Type of Treatment
We use poison (rodenticide) to kill the rodents. We are unable to use live capture or break-back traps. We must remove bait at the end of a treatment in accordance with legislation. Please note that we do not offer a treatment for mice outside – if during a treatment for a rodent problem outside it is established to be mice we will cease the treatment.
What does the treatment include?
We must use pesticides and methods that fully comply with the law.
On the first visit the technician will carry out an initial inspection and lay rodent bait in appropriate containers in key locations. A treatment record will be left detailing the pesticide used, and observations and safety precautions to take. The customer will be asked to sign the treatment record. Advice will be given on proofing & housekeeping measures needed to help prevent re-infestation. If the infestation is inside then the drainage inspection chamber may be inspected and baited.
The second visit is usually 2 weeks from the first and if there is a third treatment it will be approximately around 4 weeks from the second visit. This is approximate and may vary over times when the Council is closed.
On the second visit the technician will carry out another inspection of the bait boxes he previously left and decide if they need filling with bait again. He may decide that the treatment is complete and remove the bait boxes. If the officer leaves the bait down on the second visit then the customer then a third visit will be made where the bait boxes will be removed and the job will be completed.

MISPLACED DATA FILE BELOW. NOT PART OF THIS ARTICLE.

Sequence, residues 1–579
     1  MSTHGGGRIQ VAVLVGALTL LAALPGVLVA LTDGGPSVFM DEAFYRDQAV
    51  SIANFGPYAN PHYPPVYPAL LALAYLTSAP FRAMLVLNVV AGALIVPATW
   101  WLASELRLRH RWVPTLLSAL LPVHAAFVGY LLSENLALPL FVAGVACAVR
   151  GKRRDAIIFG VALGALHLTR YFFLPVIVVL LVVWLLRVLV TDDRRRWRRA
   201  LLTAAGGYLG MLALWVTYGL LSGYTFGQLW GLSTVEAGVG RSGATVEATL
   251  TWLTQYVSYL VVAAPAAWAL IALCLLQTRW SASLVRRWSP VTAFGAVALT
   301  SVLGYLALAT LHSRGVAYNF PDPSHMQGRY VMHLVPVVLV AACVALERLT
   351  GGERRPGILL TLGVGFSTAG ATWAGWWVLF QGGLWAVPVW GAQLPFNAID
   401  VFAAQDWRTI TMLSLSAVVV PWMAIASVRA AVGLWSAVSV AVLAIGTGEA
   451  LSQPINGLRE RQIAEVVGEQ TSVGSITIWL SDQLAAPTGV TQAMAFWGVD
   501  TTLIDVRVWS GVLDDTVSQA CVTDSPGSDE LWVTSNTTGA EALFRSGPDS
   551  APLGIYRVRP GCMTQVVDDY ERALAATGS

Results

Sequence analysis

If the customer is still experiencing problems with rodents on the third visit then they should speak to the technician. The bait can be left down but there may be an additional charge. If the customer is not present on the last visit a note will be left explaining that the treatment is now complete and the bait boxes have been removed. Different baits and amounts are used depending on whether the treatment is for rats or mice.
During the course of the treatment you may find a dead rodent. The easiest way to dispose of it is to double bag it and place it in your black bin, wear gloves and wash hands thoroughly afterwards. (You could use a spade, shovel or litter picker to pick the rodent up.)
If your next visit is due then the technician will take the rodent body away if it is accessible (we may not be able to crawl beneath floorboards or in difficult loft spaces). The technician will not take up any carpets, remove kick boards from units or bath panels.
If the body of the rodent is not accessible you may become aware of a rotting cabbage/fish/gas type odour as well as the presence of flies.
The odour can be dealt with by using a deodoriser which, unlike air fresheners, takes the odour out of the air. These can be purchased from supermarkets, DIY and other various stores. Look for sprays or gel containing Neutradol. The odour can take between 10 to 14 days to disappear. The odour is faint as first and then gets progressively worse while the decomposition process takes place, the odour will then gradually tail off.
The flies can be dealt with using a fly spray (available from supermarkets DIY and other various stores) or sticky traps; they will gradually disappear as the rodents body decomposes.